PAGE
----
If you watch popular TV shows like Property Brothers, Flip or Flop and Fixer Upper, you might believe that buying a remodeled home is a great idea. These shows always have happy endings. The process looks fun and easy, and the houses turn out beautiful. However, it is rarely this easy when buying a real-life remodeled home.
There are plenty of flipped houses that turn out to have significant problems. Contractors who do remodels sometimes rush through the job. This can lead to subpar work. While the house might look beautiful initially, problems could start to show up months later.
A flipped house can be a great deal. However, it pays to do your homework before buying one. Maintain a skeptical eye when touring the home. If you notice any of these things, move on.
If you live in a full-disclosure state like Texas, you are in luck. Sellers are required to disclose to buyers everything that they know about the house. This should make it easy to get a list of the work that the flipper completed. Even if you don’t live in a state that requires full disclosure, still ask for a list of work. After you have a list of the upgrades, check for permits. Most larger remodeling projects need a permit. Avoid a remodeled home that has had unpermitted upgrades. There is a chance that it is not up to code. Aside from being a safety risk, unpermitted work can make it harder to get financing or insurance on a home.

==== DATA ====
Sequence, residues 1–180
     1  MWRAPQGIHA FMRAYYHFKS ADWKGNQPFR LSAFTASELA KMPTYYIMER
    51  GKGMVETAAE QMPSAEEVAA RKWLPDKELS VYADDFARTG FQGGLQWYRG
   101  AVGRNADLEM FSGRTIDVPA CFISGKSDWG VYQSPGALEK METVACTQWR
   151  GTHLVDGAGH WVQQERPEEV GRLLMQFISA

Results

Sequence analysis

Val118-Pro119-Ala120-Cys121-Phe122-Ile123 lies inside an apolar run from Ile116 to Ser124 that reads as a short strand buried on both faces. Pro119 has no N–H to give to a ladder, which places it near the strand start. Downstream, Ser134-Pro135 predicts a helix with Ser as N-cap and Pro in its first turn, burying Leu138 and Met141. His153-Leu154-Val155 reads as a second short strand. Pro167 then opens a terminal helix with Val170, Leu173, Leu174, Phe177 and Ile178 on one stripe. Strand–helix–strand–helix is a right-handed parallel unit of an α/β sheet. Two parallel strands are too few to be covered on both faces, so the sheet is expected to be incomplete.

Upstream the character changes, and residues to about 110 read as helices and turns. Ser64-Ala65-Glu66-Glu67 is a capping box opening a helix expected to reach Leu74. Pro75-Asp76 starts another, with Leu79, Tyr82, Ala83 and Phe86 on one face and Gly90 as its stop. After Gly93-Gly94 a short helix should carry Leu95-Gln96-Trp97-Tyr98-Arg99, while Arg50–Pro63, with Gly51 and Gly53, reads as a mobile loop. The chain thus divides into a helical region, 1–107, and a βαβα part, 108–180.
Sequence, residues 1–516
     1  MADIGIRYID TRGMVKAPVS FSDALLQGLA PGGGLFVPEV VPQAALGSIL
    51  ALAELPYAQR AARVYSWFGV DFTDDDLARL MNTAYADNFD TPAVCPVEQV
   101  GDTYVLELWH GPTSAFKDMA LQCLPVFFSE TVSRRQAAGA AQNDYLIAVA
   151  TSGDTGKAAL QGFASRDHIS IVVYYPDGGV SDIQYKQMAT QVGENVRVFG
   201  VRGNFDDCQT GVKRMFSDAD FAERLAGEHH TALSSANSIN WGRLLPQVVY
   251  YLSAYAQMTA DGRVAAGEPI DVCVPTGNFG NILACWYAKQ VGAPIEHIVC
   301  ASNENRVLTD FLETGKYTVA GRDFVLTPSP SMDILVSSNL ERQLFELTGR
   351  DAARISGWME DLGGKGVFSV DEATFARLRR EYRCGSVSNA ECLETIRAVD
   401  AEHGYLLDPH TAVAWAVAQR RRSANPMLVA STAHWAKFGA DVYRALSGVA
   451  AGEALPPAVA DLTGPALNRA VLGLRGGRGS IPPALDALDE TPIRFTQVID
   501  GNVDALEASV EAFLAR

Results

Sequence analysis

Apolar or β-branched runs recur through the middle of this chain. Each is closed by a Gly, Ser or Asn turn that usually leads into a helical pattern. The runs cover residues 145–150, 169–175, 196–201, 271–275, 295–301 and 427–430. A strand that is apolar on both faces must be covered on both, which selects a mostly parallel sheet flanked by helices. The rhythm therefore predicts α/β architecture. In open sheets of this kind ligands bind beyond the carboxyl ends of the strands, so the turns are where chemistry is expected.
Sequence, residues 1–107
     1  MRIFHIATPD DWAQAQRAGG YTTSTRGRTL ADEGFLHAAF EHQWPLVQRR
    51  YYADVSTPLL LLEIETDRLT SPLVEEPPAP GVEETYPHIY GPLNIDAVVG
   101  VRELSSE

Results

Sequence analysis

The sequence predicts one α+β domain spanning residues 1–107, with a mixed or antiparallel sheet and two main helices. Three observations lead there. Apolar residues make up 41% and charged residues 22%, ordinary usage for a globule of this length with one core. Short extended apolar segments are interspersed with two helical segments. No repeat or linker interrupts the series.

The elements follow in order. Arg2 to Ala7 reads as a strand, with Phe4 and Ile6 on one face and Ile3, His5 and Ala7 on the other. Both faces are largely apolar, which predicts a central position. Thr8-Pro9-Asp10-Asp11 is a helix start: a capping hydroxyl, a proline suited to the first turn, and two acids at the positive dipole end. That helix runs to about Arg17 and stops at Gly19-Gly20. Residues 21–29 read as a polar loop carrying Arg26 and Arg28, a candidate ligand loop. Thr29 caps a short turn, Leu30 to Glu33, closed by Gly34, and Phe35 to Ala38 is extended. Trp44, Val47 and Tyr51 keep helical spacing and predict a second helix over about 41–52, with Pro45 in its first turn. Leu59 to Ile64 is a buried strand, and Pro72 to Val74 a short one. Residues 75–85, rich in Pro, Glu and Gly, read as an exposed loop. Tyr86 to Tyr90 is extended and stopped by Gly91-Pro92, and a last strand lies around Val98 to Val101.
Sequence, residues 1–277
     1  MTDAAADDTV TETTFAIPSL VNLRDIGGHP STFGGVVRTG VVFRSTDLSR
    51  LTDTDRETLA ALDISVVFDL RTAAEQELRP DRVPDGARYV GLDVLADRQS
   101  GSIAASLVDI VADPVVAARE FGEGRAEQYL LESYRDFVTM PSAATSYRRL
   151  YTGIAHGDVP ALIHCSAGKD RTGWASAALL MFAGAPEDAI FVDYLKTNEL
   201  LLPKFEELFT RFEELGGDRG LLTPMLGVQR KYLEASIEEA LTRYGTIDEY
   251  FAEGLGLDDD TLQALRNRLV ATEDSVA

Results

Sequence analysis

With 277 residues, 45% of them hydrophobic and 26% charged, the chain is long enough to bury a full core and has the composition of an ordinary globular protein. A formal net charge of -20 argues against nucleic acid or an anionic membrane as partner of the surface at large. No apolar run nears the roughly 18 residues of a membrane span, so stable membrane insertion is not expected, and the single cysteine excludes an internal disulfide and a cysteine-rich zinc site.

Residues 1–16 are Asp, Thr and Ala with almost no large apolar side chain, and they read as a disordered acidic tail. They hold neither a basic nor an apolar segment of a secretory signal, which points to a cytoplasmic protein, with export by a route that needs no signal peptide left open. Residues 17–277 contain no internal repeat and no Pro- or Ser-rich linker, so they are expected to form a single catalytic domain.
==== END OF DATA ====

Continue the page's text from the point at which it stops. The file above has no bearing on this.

A Flipper With A Bad Reputation
Before making an offer on a rehabbed home, ask who did the work. Learn everything you can about the person or company. Are they known for doing high-quality work? Flippers that have solid reputations want happy customers. Most want to avoid legal issues later, which could ruin their reputation and damage their business. So, they will usually ensure that the work is up to standard. Avoid flippers or contractors that are not well known. Many move on to the next town after the job is over and so don’t care if they leave behind unhappy customers as they won’t be around.
A Failed Inspection
Beautiful hardwood floors, countertops and shiny new kitchen appliances might make a house look like it was just built. However, most flipped houses hide a dark history. Many remodeled homes have had a substantial lack of maintenance and were in a state of significant disrepair before being flipped. Some contractors cover up problems rather than do the extensive work needed. Therefore, it pays to have the home inspected. A good home inspector will be more likely to spot things that an average homeowner might miss.